“We just went into it blind and the first day we got three songs and we were really happy with it,” Mr. Callaci said. “It was truly just a wonderful, creative three-day stretch.”

He cites the 1960s Japanese film, “Woman in the Dunes” as a major influence on the record.

“A lot of [film] scores were very influential,” he said. “Certainly cues were taken from experimental scores from the ‘50s and ‘60s that we both dug. Just so many filmmakers, Italian stuff, the all the intermarriage of music and film in so many of what are formative films in my life. Even those sharp edits in Godard films where the music is here and then it’s sliced off; Dialogue: what … happened? All those odd edits and interplays.”

A deluxe edition of “Arches and Pathways,” limited to 100 copies, will be issued on orange/yellow vinyl, with each individual copy including unique hand signed poems by Mr. Davis and Mr. Callaci. A download card will include access to all 200 poems as well as instrumental stems. The initial first non-deluxe vinyl pressing will be a run of 300. The record, which was engineered by Steve Folta and mixed by Scott Solter (St. Vincent, The Mountain Goats), will also be streaming at all the usual spots.

An East Coast tour to promote the record was planned, but Covid put the kibosh on that.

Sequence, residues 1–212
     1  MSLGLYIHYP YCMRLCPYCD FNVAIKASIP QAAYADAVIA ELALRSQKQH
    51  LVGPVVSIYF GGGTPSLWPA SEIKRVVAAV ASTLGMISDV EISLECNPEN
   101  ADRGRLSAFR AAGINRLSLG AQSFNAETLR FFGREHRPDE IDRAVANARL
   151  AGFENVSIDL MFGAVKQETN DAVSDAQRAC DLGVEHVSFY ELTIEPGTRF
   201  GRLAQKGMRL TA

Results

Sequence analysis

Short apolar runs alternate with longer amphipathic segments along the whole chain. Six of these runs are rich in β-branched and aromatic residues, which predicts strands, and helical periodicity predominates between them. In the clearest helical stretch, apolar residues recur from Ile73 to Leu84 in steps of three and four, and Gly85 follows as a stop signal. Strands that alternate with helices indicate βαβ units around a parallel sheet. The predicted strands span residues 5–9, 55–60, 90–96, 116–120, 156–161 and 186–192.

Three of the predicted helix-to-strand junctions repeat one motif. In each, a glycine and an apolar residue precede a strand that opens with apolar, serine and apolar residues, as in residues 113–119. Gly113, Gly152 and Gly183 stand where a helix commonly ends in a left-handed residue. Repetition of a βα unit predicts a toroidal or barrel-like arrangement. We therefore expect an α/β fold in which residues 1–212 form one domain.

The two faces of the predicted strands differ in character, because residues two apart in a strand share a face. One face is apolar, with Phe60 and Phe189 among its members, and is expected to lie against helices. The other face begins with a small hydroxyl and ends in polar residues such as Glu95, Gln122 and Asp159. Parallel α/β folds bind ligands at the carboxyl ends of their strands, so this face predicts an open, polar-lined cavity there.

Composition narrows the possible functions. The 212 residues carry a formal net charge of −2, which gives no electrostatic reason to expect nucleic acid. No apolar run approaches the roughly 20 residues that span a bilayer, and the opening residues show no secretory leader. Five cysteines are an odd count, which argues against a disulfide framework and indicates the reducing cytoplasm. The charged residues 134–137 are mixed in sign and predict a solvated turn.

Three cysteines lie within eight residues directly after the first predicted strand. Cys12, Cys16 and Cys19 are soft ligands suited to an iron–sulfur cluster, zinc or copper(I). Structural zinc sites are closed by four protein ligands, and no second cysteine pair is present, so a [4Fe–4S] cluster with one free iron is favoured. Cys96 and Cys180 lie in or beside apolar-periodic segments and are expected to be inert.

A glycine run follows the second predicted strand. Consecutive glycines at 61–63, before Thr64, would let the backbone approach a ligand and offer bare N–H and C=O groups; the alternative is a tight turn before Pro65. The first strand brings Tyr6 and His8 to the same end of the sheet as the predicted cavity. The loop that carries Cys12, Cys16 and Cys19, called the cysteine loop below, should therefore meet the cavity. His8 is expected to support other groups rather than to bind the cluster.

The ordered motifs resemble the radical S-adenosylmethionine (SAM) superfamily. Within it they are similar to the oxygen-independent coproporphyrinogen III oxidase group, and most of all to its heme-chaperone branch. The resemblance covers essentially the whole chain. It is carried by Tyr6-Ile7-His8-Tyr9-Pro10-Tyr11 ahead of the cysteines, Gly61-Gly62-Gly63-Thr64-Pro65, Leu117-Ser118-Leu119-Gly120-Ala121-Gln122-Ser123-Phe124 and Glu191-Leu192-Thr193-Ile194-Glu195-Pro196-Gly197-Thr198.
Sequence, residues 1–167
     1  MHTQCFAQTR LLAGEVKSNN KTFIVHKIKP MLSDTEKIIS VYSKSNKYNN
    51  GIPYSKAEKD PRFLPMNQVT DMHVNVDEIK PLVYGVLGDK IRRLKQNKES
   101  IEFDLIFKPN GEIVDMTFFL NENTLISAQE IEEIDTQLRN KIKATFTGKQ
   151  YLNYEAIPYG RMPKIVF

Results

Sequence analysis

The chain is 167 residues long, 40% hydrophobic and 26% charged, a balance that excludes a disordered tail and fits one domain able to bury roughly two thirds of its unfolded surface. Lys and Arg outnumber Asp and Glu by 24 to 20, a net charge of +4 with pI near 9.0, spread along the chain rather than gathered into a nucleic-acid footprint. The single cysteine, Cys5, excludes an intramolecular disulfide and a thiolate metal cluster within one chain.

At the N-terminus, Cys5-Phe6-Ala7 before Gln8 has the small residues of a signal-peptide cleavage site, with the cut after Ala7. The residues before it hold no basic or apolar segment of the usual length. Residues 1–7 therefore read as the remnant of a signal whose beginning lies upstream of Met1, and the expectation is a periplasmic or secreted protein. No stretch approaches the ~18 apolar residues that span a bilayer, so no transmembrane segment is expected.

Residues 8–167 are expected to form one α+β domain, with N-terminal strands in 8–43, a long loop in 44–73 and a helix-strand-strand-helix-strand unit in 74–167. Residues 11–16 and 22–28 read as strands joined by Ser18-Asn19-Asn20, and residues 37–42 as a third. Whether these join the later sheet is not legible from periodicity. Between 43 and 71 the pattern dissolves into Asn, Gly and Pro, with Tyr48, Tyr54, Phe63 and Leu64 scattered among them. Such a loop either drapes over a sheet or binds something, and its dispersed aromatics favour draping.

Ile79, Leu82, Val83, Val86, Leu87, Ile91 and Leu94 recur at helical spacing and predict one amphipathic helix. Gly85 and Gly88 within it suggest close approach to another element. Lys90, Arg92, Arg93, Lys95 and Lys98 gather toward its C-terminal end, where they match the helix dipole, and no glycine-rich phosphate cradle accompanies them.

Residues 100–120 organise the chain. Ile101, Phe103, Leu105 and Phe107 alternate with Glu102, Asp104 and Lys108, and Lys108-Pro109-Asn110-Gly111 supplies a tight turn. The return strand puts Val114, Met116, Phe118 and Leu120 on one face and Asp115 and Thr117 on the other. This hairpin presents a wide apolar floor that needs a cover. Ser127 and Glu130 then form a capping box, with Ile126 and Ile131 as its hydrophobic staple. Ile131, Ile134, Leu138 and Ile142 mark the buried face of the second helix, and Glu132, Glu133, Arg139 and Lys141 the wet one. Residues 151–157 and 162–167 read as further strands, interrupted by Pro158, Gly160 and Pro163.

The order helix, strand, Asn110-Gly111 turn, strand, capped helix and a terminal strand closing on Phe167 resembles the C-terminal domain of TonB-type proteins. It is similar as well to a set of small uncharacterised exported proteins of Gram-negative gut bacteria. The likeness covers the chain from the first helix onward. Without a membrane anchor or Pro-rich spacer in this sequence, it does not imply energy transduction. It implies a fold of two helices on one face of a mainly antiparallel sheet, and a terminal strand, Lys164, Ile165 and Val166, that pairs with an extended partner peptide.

“It could still be in the cards,” Mr. Callaci said. “I’m feeling good after last night [Mr. Callaci was reached October 23, the morning after the final presidential debate]. We’re going to have a good November the third and get that bum out, and maybe we can get this thing under control a little bit.”

In the meantime, Mr. Callaci has another new venture on which to focus his seemingly boundless creative energy. He’s teamed up with longtime friend and Pelekinesis Books publisher Mark Givens (himself also a musician, songwriter and founding guitarist of Wckr Spgt) to form a new imprint, Bamboo Dart Press. The publishing house’s debut release, a “novella in flash,” The Loss Detector, by Meg Pokrass, came out October 15.

   He and Mr. Givens “have been talking for decades about different projects, and when Covid hit we were both just [into] the idea of doing something very quick, punk rock, physical and in the realm of the written word, was something that we were going back and forth on. With this book imprint, Bamboo Dart Press, we’re turning these books pretty quick. The first one came out last week and we’ve got 15 or so lined up over the next year.”

Mr. Callaci has spent his entire adult life as an artist. He’s purposefully avoided anything that felt insincere, sometimes foregoing significant financial gain to remain true to his ethos. It’s been a rewarding journey, and it’s nowhere near over.

“It’s just the idea that in this instance, and in all these instances in my life, I’ve been so lucky to fall in love with the music by people who I then fell in love with, and I put out their records or  something happens,” he said. “There’s a deep friendship with John and I, and I think that’s part of the language of that record too. There’s a lot of intimacy and that chemical reaction. So hopefully, yeah, I’d love to do something else because with him. He’s an incredibly creative musician and writer.”